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The 39-year-old bricklayer fell ill two weeks ago and became one of the first Mexicans to die of swine flu. But no health worker has come to his home outside Mexico City to offer medicine or ask about the neighbors' pigs.
In fact, Gerardo Leyva Lolis' widow says nobody even told her he died of swine flu until The Associated Press informed her the case had been confirmed by the director of the hospital where he was rushed last week.
The family's experience raises troubling questions about Mexico's response to the epidemic and one of its greatest mysteries: why the disease is killing people in Mexico, but so far nowhere else. "I don't know what to think," Antonia Cortes Borbolla said Sunday, holding back tears in the two-room wood and cinderblock home she shared with her husband and their three teenage sons in this rural town of 18,000 located 40 miles outside Mexico City.
Their neighbors - three of whom keep pigs in their yards - had harsher things to say about the failure of Mexican health officials to provide medicine to protect those closest to the swine flu victim.
This rare virus has increased its virulence very rapidly since March 2009, when the first two cases that started this terrible epidemic/pandemic flu (the World Health Organization will determine within the next few hours the level of virulence) were detected in a 10-year-old boy in San Diego County and a 9-year-old girl in Imperial County in Southern California.
The CDC (Center for Disease Control and Prevention) has reported more cases since then in San Diego County and two more in the State of Texas, totaling at least well known cases. The eighth U.S. case is a child in the San Diego area, and was identified last Friday. It is said that of the eight patients, one is known to have traveled to Mexico City recently, the Wall Street Journal reported today. And that is how all this problem started in Mexico, City.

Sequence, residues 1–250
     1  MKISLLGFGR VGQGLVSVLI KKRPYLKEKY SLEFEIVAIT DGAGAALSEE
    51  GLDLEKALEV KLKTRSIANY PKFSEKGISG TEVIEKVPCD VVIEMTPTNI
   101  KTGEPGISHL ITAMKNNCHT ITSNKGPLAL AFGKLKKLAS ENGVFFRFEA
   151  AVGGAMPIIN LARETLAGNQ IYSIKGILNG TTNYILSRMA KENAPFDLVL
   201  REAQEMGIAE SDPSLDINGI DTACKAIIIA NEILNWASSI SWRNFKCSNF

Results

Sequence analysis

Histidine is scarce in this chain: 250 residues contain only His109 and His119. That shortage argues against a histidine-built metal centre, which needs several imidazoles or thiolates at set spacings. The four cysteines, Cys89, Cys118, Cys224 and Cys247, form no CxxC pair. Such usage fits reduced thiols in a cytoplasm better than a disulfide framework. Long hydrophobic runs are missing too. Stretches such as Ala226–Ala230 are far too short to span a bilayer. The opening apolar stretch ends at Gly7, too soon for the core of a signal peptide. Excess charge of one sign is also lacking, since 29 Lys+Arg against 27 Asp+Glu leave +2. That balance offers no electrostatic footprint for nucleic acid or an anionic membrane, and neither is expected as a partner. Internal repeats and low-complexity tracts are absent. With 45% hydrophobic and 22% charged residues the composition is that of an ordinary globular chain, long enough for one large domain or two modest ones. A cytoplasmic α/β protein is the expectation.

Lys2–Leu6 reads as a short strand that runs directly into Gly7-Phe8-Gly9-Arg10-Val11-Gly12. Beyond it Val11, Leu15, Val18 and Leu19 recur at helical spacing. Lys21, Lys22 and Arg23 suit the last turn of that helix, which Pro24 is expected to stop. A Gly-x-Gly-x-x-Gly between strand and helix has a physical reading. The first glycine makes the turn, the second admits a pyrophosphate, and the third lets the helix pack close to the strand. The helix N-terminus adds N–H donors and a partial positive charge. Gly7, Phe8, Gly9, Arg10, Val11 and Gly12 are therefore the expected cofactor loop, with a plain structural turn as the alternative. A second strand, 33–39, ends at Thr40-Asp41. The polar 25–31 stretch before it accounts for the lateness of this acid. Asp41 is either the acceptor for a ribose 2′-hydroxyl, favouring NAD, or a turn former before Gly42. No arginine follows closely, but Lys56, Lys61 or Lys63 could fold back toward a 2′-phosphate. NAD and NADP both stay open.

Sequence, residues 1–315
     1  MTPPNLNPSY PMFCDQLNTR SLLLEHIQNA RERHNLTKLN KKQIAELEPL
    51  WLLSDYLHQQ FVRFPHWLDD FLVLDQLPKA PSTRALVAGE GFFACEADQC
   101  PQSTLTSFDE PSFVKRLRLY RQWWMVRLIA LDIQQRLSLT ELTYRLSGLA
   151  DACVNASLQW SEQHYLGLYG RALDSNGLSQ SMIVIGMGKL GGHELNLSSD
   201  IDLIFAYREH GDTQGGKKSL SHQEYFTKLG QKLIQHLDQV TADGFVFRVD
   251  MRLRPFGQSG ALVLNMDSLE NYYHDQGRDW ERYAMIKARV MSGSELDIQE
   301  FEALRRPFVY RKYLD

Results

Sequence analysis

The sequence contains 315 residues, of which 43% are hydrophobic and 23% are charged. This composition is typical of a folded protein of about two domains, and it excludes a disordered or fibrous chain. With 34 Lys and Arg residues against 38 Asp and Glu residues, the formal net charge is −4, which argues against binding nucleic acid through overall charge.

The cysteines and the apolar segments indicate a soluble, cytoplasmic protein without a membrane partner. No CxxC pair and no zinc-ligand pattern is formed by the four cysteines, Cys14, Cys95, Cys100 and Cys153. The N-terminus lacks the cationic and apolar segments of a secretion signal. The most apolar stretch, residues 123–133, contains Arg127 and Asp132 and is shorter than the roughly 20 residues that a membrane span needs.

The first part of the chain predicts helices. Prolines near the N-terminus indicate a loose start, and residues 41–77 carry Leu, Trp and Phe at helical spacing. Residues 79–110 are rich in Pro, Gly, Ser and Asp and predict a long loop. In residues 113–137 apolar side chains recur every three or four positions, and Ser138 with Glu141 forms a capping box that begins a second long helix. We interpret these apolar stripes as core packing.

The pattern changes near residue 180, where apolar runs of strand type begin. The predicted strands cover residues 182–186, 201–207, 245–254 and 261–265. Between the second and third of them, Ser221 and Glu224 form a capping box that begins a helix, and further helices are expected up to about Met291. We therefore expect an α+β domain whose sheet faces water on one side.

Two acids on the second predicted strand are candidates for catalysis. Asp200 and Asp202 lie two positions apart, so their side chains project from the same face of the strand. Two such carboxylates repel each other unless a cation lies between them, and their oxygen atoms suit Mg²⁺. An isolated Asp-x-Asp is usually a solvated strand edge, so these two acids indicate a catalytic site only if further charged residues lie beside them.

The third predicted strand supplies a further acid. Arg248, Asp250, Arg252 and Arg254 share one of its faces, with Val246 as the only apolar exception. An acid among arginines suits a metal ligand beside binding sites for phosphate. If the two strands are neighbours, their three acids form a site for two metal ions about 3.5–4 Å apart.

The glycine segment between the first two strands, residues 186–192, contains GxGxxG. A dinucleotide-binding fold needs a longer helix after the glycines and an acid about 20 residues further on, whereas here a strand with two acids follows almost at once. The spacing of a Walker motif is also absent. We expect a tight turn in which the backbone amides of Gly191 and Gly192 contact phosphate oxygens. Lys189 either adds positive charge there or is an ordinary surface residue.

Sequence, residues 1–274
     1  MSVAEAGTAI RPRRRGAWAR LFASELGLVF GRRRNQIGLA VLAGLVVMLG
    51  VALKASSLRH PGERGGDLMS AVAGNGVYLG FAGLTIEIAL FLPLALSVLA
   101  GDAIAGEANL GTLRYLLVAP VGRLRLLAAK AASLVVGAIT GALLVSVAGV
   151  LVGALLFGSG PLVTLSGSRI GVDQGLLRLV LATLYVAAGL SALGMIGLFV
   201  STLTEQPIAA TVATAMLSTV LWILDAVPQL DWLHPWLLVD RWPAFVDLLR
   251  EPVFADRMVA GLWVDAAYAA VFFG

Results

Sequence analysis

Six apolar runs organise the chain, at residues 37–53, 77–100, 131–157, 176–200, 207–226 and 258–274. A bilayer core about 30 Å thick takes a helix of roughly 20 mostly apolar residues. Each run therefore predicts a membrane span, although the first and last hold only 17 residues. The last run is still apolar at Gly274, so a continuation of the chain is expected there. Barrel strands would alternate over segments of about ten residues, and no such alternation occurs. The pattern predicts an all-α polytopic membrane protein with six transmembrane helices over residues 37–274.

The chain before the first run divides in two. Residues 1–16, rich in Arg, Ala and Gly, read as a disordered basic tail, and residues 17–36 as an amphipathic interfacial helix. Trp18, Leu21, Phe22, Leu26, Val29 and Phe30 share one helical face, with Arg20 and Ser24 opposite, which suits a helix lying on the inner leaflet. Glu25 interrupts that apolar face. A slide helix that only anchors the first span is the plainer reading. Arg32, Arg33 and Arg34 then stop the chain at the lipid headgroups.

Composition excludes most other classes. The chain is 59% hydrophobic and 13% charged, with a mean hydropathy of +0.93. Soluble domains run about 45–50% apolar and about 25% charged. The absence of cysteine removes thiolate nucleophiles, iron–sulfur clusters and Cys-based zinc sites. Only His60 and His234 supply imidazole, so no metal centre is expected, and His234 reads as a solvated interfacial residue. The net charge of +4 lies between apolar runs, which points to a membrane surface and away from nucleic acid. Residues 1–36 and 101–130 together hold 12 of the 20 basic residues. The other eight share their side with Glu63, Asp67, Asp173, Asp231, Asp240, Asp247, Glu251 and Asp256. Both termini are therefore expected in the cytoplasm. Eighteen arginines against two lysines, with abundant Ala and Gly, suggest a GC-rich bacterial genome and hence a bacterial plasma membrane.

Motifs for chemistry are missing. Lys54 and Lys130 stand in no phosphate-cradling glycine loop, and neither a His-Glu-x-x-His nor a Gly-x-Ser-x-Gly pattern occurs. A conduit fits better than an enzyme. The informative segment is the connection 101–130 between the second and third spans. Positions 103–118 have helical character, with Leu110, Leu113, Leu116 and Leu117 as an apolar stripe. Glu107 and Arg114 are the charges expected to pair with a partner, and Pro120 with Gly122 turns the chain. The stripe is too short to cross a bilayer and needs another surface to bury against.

Federal, state and local health officials are investigating why two kids in California got infected with a new swine flu in late March without getting into contact with pigs or with each other.
The 10-year-old boy from San Diego County and the nine-year-old girl from neighboring Imperial County recovered from the H1N1 subtype of influenza A, which is rare in humans, and there are no indication the virus is spreading, U.S. Centers for Disease Control (CDC) officials said Tuesday.
Originally posted by Bombeni
I found this site extremely interesting, reading posts from people who live in Mexico or are visiting; they give the real story from what I can tell.
This won't make you feel any better though.